Although it is often assumed that civilians are essentially passive onlookers of war, sometimes they have active roles in conflicts. These may be quasi-military, as when in November 1975 the Moroccan government organized the "green march" of civilians to cross the border into the former Spanish colony of Western Sahara to claim the territory for Morocco - all at the same time as Moroccan forces entered the territory clandestinely.[12] In addition, and without necessarily calling into question their status as non-combatants, civilians sometimes take part in campaigns of nonviolent civil resistance as a means of opposing dictatorial rule or foreign occupation: sometimes such campaigns happen at the same time as armed conflicts or guerrilla insurrections, but they are usually distinct from them as regards both their organization and participation.[13]

Officials directly involved in the maiming of civilians are conducting offensive military operations and do not qualify as civilians.

Civilian Protection under International Humanitarian Law (IHL)

The International Humanitarian Law codifies treaties and conventions, signed and enforced by participating states, which serve to protect civilians during intra and interstate conflict. Even for non-treaty participants, it is customary for international law to still apply.[14] Additionally, the IHL adheres to the principles of distinction, proportionality, and necessity; which apply to the protection of civilians in armed conflict.[14] Although, despite the UN deploying military and civilians to protect civilians it lacks formal policies or military manuals addressing exactly these efforts.[15] The UN Security Council Report No 4: Protection of Civilians in Armed Conflict provides further evidence of the need for protection of civilians. Recognizing that large-scale civilian insecurity threatens international peace and stability, the UN aims to establish the means of protecting civilians and thereby work to ensure regional stability.[16] Through the UN Security Council Report No 4, first published in 2008, the UN offers ways to support civilian protections in both intra and interstate conflict with a goal of encouraging regional states to police their own conflicts (such as the African Union policing African conflicts).[16] Similarly, the UN Secretary General Kofi Annan reminded UN Member states that they have common interests in protecting African civilians through a shared “commitments to human security, and its rationale of indivisibility of peace and security.”[17]

Through a series of resolutions (1265, 1296, 1502, 1674, & 1738) and presidential statements the UN Security Council “addresses:

  • compliance with international humanitarian law and relevant human rights law, accountability for violations and humanitarian access;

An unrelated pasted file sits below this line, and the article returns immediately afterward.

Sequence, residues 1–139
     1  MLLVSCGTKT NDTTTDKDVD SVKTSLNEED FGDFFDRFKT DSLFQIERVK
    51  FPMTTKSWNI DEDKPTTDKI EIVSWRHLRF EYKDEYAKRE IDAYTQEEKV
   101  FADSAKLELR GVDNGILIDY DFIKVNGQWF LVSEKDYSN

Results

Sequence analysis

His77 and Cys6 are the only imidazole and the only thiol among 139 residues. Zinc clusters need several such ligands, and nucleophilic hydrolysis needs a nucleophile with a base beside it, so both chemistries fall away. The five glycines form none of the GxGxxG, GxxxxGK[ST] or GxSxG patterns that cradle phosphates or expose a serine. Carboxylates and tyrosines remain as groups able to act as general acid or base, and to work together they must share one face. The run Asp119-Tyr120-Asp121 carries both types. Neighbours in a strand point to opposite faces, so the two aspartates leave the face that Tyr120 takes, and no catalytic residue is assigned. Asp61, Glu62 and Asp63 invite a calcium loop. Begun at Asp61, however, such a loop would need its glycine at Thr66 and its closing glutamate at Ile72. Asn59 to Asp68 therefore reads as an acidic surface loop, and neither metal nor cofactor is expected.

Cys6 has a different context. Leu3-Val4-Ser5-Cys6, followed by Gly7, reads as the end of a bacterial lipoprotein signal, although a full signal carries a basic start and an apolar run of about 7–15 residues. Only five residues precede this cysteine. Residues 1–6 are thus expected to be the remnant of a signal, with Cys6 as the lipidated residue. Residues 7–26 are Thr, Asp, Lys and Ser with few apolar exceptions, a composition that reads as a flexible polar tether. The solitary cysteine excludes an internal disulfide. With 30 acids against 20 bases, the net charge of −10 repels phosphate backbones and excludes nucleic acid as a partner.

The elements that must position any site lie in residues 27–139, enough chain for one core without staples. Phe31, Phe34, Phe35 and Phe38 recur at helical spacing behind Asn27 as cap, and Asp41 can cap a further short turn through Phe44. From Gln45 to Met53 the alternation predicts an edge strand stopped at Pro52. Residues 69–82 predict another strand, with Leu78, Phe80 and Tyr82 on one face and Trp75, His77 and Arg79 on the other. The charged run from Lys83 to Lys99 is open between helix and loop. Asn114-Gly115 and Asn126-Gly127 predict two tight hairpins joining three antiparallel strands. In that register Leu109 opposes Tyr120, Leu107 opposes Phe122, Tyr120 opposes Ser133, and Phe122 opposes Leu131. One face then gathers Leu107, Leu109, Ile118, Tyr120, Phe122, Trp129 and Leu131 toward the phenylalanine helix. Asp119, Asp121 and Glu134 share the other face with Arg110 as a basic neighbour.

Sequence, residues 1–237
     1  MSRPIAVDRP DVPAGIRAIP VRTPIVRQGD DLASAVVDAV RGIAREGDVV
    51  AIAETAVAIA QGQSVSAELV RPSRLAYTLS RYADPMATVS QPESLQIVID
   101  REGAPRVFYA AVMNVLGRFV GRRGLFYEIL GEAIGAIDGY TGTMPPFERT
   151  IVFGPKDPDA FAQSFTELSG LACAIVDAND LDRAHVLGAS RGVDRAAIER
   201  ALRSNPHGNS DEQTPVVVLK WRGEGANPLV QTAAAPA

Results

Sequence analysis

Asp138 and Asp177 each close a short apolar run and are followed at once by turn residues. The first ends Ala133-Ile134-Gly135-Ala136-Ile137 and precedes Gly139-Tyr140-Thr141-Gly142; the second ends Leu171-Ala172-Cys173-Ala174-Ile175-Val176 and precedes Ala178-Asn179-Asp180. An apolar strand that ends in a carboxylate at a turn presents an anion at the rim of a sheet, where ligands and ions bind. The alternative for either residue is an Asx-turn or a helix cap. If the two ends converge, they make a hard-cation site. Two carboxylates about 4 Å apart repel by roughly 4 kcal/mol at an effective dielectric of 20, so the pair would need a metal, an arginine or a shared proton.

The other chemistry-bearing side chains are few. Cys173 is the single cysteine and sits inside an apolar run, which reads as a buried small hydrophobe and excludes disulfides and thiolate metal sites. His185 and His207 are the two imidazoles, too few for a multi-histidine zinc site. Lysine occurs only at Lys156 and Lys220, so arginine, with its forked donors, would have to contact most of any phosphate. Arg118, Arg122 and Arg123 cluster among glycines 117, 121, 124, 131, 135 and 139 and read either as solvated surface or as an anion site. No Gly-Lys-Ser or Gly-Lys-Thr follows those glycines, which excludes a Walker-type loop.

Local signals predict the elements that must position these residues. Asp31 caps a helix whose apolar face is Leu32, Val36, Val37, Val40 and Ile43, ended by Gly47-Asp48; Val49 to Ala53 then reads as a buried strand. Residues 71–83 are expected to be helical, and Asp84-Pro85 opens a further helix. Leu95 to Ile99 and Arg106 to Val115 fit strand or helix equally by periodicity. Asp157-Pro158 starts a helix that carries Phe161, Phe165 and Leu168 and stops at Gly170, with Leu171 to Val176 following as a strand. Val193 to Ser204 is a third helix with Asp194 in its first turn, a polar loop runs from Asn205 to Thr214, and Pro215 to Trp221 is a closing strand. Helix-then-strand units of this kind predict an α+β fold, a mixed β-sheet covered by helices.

• the role of UN peacekeeping operations or other UN mandated missions;
  • protection of specific groups;
  • the impact of small arms; and
  • regional cooperation.

The Security Council is now involved in the protection of civilians in five main areas of action.

  • It reinforces general norms—in particular the rules of international humanitarian law.
  • It uses its Chapter VII powers to mandate either UN peacekeeping missions or regional organizations or groups of member states to take measures including the use of force to protect civilians.
  • It can develop middle ground using its Chapter V, VI and VIII powers to influence parties to conflict in country-specific situations to observe protection norms.
  • It uses its Chapter VI powers to try to prevent or limit the outbreak of armed conflict through mediation and other initiatives.
  • Finally, the Council can hold parties accountable for violations of international humanitarian law by imposing targeted measures, establishing commissions of inquiry, authorizing ad hoc tribunals or referring situations to the International Criminal Court (ICC).”[18]

In response to Presidential statements and previous subcommittee work, the UN Security Council held a meeting in January 2009, specifically to address the protection of civilians within the context of the IHL.[18] While no specific outcome followed this meeting, it did lead to the production of a 10-year assessment of Council actions since the passing of resolution 1265 in 1999.[18]

In addition to the UN treaties, regional treaties have also been established, such as the African Union Constitutive Act Article 4(h) which also outlines the protection of civilians and “affords the Union a right to forcibly intervene in one of its member states in ‘grave circumstances’, namely war crimes, genocide and crimes against humanity.”[19] This is proposed to indicate the African Union will no longer stand by to watch atrocities happen within the Union. As described by Said Djinnit (AU’s Commissioner for Peace and Security) in 2004, “Africans cannot [...] watch the tragedies developing in the continent and say it is the UN’s responsibility or somebody else’s responsibility. We have moved from the concept of non-interference to non-indifference. We cannot, as Africans, remain indifferent to the tragedy of our people”[20] (IRIN News 2004). Although Article 4(h), while drafted, has not been activated, which begs the question of the AU's willingness to intervene in situations of “grave circumstance.”[21]

Regardless of the lead organization (UN, AU, other) “there is clearly a risk involved for international organizations that in assuming a complicated security role such as civilian protection, they may raise expectations among local populations that cannot be met, usually not even by large-scale peace operations with a comprehensive political component, supported by high force levels, overall professionalism, and the political stamina to stay present long-term. The disappointing outcomes, in Africa and elsewhere, have led some to criticize the way in which the decentralization policies have been implemented (MacFarlane and Weiss 1992; Berman 1998; Boulden 2003).”[22]

See also

References

  1. ^ "Civilian". Merriam-Webster. Archived from the original on 2018-01-20.